What are viable strategies for addressing our coastal erosion in light of sea level rise, subsidence, hurricanes and oil spills?
The Deepwater Horizon oil spill dumped nearly five million barrels of oil into the Gulf of Mexico, with Louisiana’s coast receiving the greatest percentage of direct ecological damage. Three years later, a civil trial is taking place to determine the financial liability of BP and three other companies for the impact to the five Gulf states.
Eighty percent of penalties paid by the responsible parties will go toward gulf coast restoration. But will it be money well-spent? The National Oceanic and Atmospheric Administration (NOAA) recently predicted that Louisiana’s southeastern coast is likely to be under at least 4.3 feet of water by the end of the century. What does that mean for projects in Louisiana’s Comprehensive Master Plan for a Sustainable Coast? What are viable strategies for addressing the state’s coastal erosion in light of sea level rise, subsidence, hurricanes and oil spills? Louisiana Public Square explores these issues and more on “Louisiana Coastal Concerns: BP and Beyond” Wednesday, April 24th at 7 p.m. on LPB HD. (Taping Tuesday, April 23rd.)
It is still not known to what extent the most toxic components of the oil have entered the ecosystem. Muth says, “Some of these chemicals are certain to have persisted in the organisms in the grass; in the things that eat the grass and the things that eat the things that eat the grass.” Environmentalists note that it took three years for some species of fish in Alaska to display the full effects from the Valdez oil spill.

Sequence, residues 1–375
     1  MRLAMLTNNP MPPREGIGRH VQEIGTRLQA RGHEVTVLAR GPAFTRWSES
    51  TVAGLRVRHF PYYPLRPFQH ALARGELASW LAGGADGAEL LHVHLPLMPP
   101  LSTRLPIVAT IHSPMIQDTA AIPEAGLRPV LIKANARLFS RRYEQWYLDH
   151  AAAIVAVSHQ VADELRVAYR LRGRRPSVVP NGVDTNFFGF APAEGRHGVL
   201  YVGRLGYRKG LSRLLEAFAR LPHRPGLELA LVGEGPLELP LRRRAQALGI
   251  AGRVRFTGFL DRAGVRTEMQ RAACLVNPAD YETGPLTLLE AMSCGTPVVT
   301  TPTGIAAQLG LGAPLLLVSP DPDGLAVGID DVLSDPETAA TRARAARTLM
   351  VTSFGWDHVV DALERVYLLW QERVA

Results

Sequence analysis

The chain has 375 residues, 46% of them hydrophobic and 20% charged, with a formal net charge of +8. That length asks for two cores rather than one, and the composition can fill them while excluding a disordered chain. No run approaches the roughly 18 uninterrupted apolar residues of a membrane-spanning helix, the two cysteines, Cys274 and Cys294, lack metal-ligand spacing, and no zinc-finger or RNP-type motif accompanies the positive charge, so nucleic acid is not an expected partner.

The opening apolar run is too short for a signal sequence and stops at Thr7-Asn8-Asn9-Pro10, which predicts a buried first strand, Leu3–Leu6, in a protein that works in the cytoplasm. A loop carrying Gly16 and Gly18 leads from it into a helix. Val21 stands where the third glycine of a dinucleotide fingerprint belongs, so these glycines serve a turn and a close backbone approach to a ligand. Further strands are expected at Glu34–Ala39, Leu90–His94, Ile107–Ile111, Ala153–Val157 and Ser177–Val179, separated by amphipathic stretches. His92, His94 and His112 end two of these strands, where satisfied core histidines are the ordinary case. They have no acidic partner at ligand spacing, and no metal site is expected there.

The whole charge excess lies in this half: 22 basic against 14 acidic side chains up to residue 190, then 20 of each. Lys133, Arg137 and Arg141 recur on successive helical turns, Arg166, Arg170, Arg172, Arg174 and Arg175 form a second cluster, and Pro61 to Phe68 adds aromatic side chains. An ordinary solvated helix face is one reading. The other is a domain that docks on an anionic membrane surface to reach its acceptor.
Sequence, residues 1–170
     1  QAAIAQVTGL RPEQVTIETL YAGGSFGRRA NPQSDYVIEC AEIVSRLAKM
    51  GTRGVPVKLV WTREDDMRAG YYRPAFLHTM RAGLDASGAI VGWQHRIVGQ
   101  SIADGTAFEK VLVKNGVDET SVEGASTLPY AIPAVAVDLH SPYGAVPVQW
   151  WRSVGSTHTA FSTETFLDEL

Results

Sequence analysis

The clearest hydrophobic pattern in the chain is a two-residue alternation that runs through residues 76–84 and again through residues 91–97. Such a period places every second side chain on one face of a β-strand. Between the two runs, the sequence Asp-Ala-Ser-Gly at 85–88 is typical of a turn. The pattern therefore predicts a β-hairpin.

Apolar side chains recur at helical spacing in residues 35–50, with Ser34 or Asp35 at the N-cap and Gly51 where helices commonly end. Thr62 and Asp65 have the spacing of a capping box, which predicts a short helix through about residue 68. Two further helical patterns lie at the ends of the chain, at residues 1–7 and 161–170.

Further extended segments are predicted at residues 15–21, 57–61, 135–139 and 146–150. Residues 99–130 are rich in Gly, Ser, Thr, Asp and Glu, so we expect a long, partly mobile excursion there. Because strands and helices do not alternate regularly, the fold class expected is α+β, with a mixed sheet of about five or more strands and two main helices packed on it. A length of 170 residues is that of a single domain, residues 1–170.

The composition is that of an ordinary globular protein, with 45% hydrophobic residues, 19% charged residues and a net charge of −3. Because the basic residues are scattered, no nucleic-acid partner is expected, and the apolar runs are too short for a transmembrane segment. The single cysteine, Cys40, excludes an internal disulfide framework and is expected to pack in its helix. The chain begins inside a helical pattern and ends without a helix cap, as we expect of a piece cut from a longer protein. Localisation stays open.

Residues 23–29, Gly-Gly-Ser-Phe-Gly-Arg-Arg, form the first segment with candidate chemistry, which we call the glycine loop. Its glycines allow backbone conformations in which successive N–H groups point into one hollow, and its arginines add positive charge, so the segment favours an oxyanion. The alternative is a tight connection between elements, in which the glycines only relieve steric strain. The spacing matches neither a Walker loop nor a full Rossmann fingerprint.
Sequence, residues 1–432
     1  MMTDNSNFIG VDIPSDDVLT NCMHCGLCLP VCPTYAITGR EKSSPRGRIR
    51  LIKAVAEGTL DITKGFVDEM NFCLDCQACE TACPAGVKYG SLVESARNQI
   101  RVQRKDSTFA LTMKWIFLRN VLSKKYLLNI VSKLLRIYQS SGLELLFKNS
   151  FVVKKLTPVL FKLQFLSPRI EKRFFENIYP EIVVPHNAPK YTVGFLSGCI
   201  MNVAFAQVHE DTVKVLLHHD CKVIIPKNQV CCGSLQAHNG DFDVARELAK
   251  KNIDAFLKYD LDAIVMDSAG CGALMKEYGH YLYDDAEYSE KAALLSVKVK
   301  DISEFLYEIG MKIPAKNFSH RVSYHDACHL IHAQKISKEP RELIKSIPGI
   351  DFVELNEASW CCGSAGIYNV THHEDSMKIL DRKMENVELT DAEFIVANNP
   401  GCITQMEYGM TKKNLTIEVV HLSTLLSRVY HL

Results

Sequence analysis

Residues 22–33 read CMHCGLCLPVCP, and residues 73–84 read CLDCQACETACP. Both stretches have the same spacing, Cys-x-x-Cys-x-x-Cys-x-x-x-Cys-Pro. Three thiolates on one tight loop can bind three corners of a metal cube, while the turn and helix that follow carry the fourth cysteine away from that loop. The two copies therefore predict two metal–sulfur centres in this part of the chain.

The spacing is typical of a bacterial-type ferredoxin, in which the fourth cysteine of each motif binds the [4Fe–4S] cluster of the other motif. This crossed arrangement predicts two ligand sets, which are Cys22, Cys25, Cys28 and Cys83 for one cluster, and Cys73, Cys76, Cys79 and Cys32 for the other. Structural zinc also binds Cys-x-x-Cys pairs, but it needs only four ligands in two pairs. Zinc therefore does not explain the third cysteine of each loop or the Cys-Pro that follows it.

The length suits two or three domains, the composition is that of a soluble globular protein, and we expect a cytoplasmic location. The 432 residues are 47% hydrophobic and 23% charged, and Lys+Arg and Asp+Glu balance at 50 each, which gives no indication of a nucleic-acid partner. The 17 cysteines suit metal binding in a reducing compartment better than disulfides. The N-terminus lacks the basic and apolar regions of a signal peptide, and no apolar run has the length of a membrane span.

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How well is the state’s public school system really performing?
One national survey ranks Louisiana as 49th for academic achievement of public school students. Another national report ranks the state dead last. So, how well is the state’s public school system really performing? Where is there room for improvement? What will the new federal “Every Student Succeeds Act” mean for education in Louisiana? And how have the historic summer floods changed things? Louisiana Public Square explores these issues and more on “Pass or Fail? Louisiana’s Education System” Wednesday, September 28 at 7 p.m. on LPB HD and in New Orleans on WLAE.
The panelists are
• Superintendent Michael Faulk, Central Community School System
• James D. Garvey, Jr. , BESE Board President
• Scott Richard, Executive Director, Louisiana School Boards Association
• Rep. Patricia Haynes Smith, D- Baton Rouge; House Education Committee
LPB CEO Beth Courtney and LSU Manship School of Mass Communication professor Robert Mann host the show. The program features interviews with Louisiana Education State Superintendent John White; Debbie Meaux, President of the Louisiana Association of Educators; Brigitte Nieland with the Louisiana Association of Business and Industry and Caddo Parish School Superintendent Dr. Theodis Lamar Goree.
“Pass or Fail? Louisiana’s Education System” can also be heard on public radio stations WRKF in Baton Rouge; Red River Radio in Shreveport and Monroe; and WWNO in New Orleans. Check their station websites for schedule.
What challenges do our returning veterans face?
What concerns are on citizens’ minds as they go to the polls this fall?
What difference has a decade made?
Who are the winners and losers in Louisiana’s budget battle?
Is the display of Civil War statues in public justified or do they belong only in museums?
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